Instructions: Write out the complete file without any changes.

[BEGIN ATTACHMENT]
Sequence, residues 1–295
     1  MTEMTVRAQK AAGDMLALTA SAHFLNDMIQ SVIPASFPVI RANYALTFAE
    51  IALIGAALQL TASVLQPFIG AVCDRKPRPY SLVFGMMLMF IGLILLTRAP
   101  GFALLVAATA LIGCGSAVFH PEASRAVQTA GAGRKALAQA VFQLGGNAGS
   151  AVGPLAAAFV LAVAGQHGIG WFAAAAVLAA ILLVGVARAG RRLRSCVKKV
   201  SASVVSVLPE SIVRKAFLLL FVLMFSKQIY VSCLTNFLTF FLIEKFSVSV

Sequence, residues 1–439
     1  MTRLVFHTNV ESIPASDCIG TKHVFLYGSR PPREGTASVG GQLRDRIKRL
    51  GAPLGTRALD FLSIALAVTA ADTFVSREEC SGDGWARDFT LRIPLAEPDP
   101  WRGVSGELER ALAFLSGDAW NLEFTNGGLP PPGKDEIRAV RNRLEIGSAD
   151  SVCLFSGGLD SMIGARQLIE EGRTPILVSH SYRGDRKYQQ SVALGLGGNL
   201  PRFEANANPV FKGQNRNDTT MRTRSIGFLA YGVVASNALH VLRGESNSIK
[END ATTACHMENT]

Sequence, residues 1–295
     1  MTEMTVRAQK AAGDMLALTA SAHFLNDMIQ SVIPASFPVI RANYALTFAE
    51  IALIGAALQL TASVLQPFIG AVCDRKPRPY SLVFGMMLMF IGLILLTRAP
   101  GFALLVAATA LIGCGSAVFH PEASRAVQTA GAGRKALAQA VFQLGGNAGS
   151  AVGPLAAAFV LAVAGQHGIG WFAAAAVLAA ILLVGVARAG RRLRSCVKKV
   201  SASVVSVLPE SIVRKAFLLL FVLMFSKQIY VSCLTNFLTF FLIEKFSVSV

Sequence, residues 1–439
     1  MTRLVFHTNV ESIPASDCIG TKHVFLYGSR PPREGTASVG GQLRDRIKRL
    51  GAPLGTRALD FLSIALAVTA ADTFVSREEC SGDGWARDFT LRIPLAEPDP
   101  WRGVSGELER ALAFLSGDAW NLEFTNGGLP PPGKDEIRAV RNRLEIGSAD
   151  SVCLFSGGLD SMIGARQLIE EGRTPILVSH SYRGDRKYQQ SVALGLGGNL
   201  PRFEANANPV FKGQNRNDTT MRTRSIGFLA YGVVASNALH VLRGESNSIK